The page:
March 1, 2023
At a Glance
- Trustworthy AI must give way to responsible AI to ensure systems are built properly.
- Humans must be in the loop from the start to the end of a product's or system's lifecycle.
- AI systems must make sure they can be applied practically.
Trustworthy AI – having confidence in its output − should be replaced with responsible AI – placing guardrails to ensure fairness − to ensure AI is developed properly.
That is according to Ricardo Baeza-Yates, director of research, Institute for Experiential AI at Northeastern University. Speaking at Four Years From Now (4YFN), the startup-focused event co-located at Mobile World Congress, Baeza-Yates likened AI to elevator safety.
“No one would take an elevator if they had a sign saying, ‘this elevator doesn't work 1% of the time.’”
He instead proposed a responsible AI approach that would involve humans in the loop from the beginning to the end of a product's or system's lifecycle.
His approach, created by the team at his institute, includes embedding AI ethics training from early stages, technical audits -- and establishing independent AI ethics advisory boards consisting of technically minded individuals, user representatives and experts in sociology and ethics.
However, Cristina Fonseca of Indico Capital Partners in Portugal believes his view of the supervisory board was “generic.” Instead, the general partner argued that only a vertical-specific and practical approach would work for AI technologies to maximize deployment effectiveness.
“Ten years ago, the first AI companies hired a bunch of Ph.D.s, put them in a room and told them to build AI systems, but they were very far from (being able to address) the actual problems,” she said.
“Companies have been learning to group different stakeholders at the table to make sure everything is considered. But I think a supervisory board, that's generic. I'm not sure that's going to work perfectly because of domain-specific aspects of the different AI applications.”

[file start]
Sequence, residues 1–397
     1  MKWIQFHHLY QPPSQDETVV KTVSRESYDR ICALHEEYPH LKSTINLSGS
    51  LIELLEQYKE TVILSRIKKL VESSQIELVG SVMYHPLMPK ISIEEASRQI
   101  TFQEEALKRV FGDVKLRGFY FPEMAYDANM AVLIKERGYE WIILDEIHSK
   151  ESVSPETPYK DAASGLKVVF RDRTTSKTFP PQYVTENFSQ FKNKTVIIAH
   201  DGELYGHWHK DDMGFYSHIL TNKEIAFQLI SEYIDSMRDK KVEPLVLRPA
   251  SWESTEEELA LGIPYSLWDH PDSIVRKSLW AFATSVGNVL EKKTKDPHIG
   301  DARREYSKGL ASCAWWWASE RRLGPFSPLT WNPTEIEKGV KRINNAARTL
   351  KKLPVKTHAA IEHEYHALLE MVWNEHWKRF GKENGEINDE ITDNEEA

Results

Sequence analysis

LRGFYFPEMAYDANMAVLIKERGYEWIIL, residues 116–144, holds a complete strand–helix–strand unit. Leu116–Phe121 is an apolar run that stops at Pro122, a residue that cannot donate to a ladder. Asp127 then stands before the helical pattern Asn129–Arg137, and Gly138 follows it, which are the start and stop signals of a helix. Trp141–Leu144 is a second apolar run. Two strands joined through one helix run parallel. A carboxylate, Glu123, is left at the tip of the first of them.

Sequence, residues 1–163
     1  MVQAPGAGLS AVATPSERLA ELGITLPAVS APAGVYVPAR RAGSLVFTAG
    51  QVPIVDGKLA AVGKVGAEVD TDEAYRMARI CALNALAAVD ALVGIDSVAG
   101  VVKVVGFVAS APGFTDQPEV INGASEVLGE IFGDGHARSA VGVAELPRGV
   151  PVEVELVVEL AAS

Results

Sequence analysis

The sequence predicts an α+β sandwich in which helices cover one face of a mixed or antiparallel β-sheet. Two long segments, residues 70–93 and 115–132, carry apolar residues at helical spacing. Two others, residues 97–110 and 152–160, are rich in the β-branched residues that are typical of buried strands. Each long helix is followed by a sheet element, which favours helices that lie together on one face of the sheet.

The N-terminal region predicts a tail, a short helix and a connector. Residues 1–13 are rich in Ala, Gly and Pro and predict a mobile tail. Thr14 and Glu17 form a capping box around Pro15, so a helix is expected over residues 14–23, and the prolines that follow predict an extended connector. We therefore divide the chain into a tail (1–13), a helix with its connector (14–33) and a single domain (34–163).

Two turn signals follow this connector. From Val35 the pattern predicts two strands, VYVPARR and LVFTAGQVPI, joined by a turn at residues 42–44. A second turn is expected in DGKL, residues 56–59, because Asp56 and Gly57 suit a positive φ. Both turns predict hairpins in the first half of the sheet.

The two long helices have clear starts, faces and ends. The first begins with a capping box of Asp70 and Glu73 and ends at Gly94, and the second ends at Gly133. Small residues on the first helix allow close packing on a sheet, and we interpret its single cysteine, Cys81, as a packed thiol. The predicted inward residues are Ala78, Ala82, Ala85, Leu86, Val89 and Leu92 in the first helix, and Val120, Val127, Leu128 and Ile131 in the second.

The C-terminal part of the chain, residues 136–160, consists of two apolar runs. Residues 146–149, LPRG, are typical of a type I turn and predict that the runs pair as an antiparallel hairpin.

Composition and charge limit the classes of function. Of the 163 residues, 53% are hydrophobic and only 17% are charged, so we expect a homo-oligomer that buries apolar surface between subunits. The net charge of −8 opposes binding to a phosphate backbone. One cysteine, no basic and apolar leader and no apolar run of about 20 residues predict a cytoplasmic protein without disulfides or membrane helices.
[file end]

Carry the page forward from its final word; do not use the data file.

EU AI Act
The panel also talked about the EU AI Act, which came about due to its risk-based approach. The prospective legislation would categorize AI deployments based on trustworthiness.
Baeza-Yates said that the lack of categorial thinking in the legislation would lead to definition problems, such as spelling out clearly when something stops becoming ‘high risk.’
The academic noted that once AI has been regulated, so too will blockchain and quantum computing. However, he argued that the technology itself should not be regulated, leaving it to more important areas like access to food and medicine.
He also called out the U.S.’s AI Bill of Rights, saying the name was misleading as it was focused on the AI systems themselves, not the people.
Fonseca also questioned whether regulations would keep humans in the loop, and stressed the important role humans will play in supervising AI systems.
“AI and all these generative models have a lot of limitations these days. … I think it's about asking the right questions and developing a critical mindset," she said. "You don't just trust everything that an algorithm tells you.”
“There’s huge potential in all these AI systems, but humans will have a very important role in supervising this.”
Fonseca pointed to the adoption of the ATM in the early 1970s and fears that human bank tellers would no longer be needed. Some 50 years on, human tellers and bank staff are still around.
She pointed to ChatGPT, OpenAI’s viral conversational AI chatbot, saying that she uses it “a lot” but only as an assistive tool.
Read more about:Conference News
About the Author(s)
You May Also Like